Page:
What stands out about the current show is its thematic emphasis on masks — well beyond any association with Covid-19. If Duchamp and Kegang parceled discrete portions of air, pervasive global pollution in 2022 suggests we must self-insulate, parcelling ourselves off from the pervasive presence of toxins in order to extract the clean air required to survive. Naomi Bebo (Menominee/Ho-Chunk) includes two beaded gas masks, “Beaded Mask” (2015) and “Woodland Child in Gas Mask” (2015). Bebo embellishes adult-sized and child-sized masks respectively with ornate beadwork that make the reality (and necessity) of the mask’s use especially macabre. Merrit Johnson’s “Prayer Mask, Contemporary” (2016), comprised of a basket woven around a chemical respirator and optical calcite, ensures that the wearer is provided clear, protected sight, and purified air — inspired by water protectors around the globe who, like those at Standing Rock, are vulnerable to tear gas and pepper spray. Ai Wei Wei’s limited edition face mask series, “The Way Follows Nature” (2021) was made for the 2022 Hawai’i Trienniale. It calls forth the way our individual and collective relationship to air shifted during the pandemic with additional prints that reference the ongoing environmental degradation of the Hawaiian coastline (and atmosphere) as a result of human pollution and environmental extraction. These masks all invite us to imagine wearing them, looking through them, and safely inhabiting the environment our species (and industry) has made uninhabitable. “Air” is necessarily broad in scope, tackling the immediate question of air quality in Utah while touching on much broader issues of environmental justice, social justice, and police brutality, to illustrate the ways in which disenfranchised and minority populations are most vulnerable.
False-color image of the Black Forest burn scar from NASA's Terra satellite, June 21, 2013. The darkest gray and black areas are the most severely burned. Unburned forest patches are bright red. Unburned grasslands are pink. Buildings, roads, and other developed areas are light gray or white. Image Credit: NASA's Earth Observatory
How do we find new ways of thinking through the need for clean air? We must think collectively, holistically. What then would such politics look like? If rivers might have the same rights as people (Patrick Barkham addressed this in an article last year in The Guardian), should air have the same rights as rivers? Doing so might stretch our anthropogenic imaginations to their limit, yet it would provide a way to conceive of air’s differences, embracing a curious porosity — the thingness or personhood of a disparate medium that flows through our bodies, animates us, is blown upon the wind, heedless of the boundaries we attempt to maintain. Maybe in that conception we could adopt a more animistic view, even to the extent that we embrace the inevitability of wildfires. Rather than erect buildings with materials that release toxins when they burn, we might instead think of materials that might “feed” the air and burn clean.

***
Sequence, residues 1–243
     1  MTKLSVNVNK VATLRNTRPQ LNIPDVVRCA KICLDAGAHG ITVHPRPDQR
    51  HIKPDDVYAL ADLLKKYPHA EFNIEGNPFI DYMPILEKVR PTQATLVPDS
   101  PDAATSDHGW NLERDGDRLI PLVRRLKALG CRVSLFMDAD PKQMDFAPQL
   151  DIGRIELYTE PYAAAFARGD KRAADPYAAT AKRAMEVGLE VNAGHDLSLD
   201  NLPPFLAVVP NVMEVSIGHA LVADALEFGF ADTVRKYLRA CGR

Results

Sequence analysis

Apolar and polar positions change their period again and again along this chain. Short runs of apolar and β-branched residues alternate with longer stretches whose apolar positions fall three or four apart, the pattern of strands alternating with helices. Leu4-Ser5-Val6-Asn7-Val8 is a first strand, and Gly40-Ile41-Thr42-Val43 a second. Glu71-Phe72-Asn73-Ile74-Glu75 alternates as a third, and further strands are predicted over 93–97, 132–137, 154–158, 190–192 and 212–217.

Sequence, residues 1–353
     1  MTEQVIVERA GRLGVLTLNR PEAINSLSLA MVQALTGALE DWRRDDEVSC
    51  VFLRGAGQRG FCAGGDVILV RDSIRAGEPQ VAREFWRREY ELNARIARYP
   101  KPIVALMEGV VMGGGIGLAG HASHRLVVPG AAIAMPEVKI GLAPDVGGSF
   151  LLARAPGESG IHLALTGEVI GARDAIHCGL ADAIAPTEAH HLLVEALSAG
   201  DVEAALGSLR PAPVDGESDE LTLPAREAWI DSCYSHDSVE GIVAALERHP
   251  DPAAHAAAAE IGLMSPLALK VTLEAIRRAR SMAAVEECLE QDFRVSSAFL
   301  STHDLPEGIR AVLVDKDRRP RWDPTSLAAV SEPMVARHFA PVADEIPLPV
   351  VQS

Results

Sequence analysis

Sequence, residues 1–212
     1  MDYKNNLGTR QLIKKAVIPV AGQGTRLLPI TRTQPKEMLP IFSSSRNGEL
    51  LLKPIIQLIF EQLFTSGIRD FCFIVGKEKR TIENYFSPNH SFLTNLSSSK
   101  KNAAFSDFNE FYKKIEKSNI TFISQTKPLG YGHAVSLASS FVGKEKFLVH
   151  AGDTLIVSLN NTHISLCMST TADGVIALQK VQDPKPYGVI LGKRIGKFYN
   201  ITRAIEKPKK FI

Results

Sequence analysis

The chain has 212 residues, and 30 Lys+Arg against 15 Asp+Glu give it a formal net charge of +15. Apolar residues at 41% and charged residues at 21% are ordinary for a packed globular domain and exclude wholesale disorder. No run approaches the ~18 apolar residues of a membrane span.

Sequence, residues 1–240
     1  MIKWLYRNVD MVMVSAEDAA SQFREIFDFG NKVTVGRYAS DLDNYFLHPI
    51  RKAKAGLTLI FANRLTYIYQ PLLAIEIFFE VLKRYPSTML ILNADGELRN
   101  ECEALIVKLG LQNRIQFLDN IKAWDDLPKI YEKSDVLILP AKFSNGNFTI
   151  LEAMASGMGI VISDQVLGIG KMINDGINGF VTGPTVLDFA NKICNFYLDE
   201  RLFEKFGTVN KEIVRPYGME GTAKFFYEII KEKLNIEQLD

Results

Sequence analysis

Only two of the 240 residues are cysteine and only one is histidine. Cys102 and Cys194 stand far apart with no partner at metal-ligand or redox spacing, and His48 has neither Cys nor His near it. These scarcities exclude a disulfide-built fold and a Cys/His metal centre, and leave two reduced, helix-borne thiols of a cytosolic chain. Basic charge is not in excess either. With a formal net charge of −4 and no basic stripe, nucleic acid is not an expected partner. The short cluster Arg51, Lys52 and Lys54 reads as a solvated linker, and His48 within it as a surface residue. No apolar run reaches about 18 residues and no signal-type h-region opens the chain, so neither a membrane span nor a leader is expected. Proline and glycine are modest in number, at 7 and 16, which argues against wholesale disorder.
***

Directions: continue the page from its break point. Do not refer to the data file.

Happily, the Calf-Hermits Peak fire is near fully contained at this writing. But so far this year wildfires have burned more than 600,000 acres of New Mexico in the “tinderbox” conditions that now pass for normal. And that’s just one state in North America. These conditions are rapidly spreading worldwide, as numerous wildfires in Europe now suggest. In response to the Oak Fire in Mariposa, California, former Vice-President and climate advocate Al Gore said, “More people will be killed and the survival of our civilization is at stake.” These fires emit huge amounts of pollution into the atmosphere, further accelerating global warming. We must continue to find new pathways to imagining our atmosphere in order to halt the devastating effects of industrial extraction.
Martin Creed, “Work No. 360. Half the Air in a Given Space,” 2015, balloons.
Henry Art Gallery, University of Washington, Seattle, installation view